At Aberdeen Standard Investments, we’re quite positive about Japanese equities. Despite volatile economic data, we think Japan could grow moderately this year and next, and believe it’s a market worth keeping on the radar. In particular, we like the fact that corporate governance is improving in Japan, and the government slowly but steadily pushes through with economic reforms, all potentially leading to better returns to shareholders.
Can bond markets foretell the future?
The stock market made a comeback in the spring before profit-taking during the latest bouts of trade conflicts. But when it comes to bond investors, they often take a longer-term view than their equity counterparts. After all, you can buy 50, even 100-year bonds.
2019 has seen capital flow into bond markets, despite low yields and expensive valuations. US benchmark bond yields are currently their lowest since 2017. This is partly due to safe haven effects as investors worry about where to put cash as the US-China trade war continues.
Another issue is the continued decline in underlying inflation, even with oil prices picking up above $70 a barrel. The Federal Reserve looks like it’s going to keep interest rates on hold this year, while the Bank of Japan and European Central Bank are boxed into a world of negative interest rates.
We believe bonds are pricing in a world of slow growth, but not recession. This is a reasonable backdrop for corporate bonds, equities and property, as long as company cash flows remain positive and costs are kept under control.
Bank of England keeps interest rates on hold
The Bank of England has kept interest rates on hold amid continued uncertainty over Brexit – a situation made even more uncertain by the Prime Minister’s recent resignation and the results of the EU elections. Investors want to know if the Bank will raise interest rates in the second half of the year, if a no-deal Brexit is avoided.
The fact is the Bank has an unenviably difficult task in front of it. On top of the normal economic cycle, there are changes to global monetary conditions, activity in key overseas markets, plus a growing degree of political sensitivity to contend with. This relates not only to Brexit but also to a possible UK general election in the coming year.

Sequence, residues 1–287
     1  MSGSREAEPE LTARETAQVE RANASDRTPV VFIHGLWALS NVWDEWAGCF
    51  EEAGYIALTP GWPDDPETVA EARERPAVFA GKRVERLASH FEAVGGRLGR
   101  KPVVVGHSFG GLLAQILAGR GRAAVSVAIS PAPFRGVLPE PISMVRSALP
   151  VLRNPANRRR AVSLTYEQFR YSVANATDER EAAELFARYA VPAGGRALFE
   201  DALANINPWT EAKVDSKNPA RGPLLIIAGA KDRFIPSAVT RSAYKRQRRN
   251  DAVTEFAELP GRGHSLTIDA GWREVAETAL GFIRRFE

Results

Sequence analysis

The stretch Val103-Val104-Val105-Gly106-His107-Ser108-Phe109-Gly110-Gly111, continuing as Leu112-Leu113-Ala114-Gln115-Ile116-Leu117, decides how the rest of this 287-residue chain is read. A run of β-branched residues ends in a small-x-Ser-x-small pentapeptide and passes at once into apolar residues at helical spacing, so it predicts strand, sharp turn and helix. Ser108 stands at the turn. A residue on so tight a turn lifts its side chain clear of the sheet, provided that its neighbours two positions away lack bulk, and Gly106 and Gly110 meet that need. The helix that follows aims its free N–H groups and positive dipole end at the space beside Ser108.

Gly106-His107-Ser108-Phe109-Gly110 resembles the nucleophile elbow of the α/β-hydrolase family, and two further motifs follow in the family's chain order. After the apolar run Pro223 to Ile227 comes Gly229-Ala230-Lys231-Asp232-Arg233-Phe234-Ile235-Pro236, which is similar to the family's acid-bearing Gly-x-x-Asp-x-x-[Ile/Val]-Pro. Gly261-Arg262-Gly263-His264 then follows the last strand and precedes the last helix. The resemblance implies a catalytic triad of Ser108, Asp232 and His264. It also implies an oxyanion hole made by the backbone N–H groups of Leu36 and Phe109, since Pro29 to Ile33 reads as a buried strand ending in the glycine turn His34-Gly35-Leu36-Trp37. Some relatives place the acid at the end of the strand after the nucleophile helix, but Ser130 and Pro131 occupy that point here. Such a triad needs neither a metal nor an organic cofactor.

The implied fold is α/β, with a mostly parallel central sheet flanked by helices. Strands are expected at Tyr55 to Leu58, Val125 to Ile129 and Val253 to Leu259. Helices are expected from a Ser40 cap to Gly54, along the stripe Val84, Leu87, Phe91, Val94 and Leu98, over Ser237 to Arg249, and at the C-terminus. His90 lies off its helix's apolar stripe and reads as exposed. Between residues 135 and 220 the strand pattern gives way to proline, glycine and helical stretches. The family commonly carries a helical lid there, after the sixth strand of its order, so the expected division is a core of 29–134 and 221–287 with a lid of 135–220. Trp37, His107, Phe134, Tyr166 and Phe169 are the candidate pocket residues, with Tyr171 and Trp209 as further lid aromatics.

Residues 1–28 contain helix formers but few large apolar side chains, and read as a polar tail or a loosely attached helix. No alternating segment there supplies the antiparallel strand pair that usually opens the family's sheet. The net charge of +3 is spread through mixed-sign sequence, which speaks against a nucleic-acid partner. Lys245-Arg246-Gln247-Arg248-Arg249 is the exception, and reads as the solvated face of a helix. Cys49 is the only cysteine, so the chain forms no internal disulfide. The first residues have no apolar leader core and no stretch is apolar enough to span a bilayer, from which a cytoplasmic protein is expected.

For now, we believe the Bank is likely to keep any changes to interest rates on hold. As with many central banks, it is ‘date dependent’; if there is a very strong theme in terms of economic growth or inflation pressures, it will act. Until then it will keep its powder dry.
The unloved Eurozone
Issues affecting Germany and Italy recently prompted the European Commission to reduce its forecast for growth across the EU to 1.4% this year – just above what it expects for the UK.
It’s worth noting that the growth forecast for the whole of the EU masks some areas of strength, such as Spain, but it also masks areas of weakness. For example, Italy is forecasting that its economy might only grow by 0.3% this year and weak activity in Germany’s manufacturing sector is certainly continuing into the second quarter.
The results of the EU Parliamentary elections will be important for activity in 2020. We’ve seen substantial losses for the two main groups, the centre-right European People’s Party and the centre-left Socialists and Democrats. Meanwhile, the Greens and Liberal groups have made gains, as have the right-wing nationalist and populist groups. What does all this mean for the Eurozone?
We think that the results of the EU elections are more important for individual countries than for the region as a whole. For example, strong populist support means we expect Italy to press for more public spending and tax cuts to boost its economy. Such discussions are likely to be long and complicated, especially as key personnel at the EU Commission and European Central Bank (ECB) will be replaced in coming months. The price of such political risks can be seen in the size of the spread between Italian and German bond yields. If politicians cannot press ahead with economic reforms, so the pressure continues on the ECB to keep interest rates at these historically low levels.
On balance, we remain neutral on European equities. Profits growth does not look as strong as in other parts of the world. However, as they are generally unloved by global investors so there are opportunities for active stock pickers in some companies and sectors.
The information in this article should not be regarded as financial advice. Please remember that the value of your investment can go down as well as up and may be worth less than you paid in. Information is based on Aberdeen Standard Investment’s understanding in June 2019.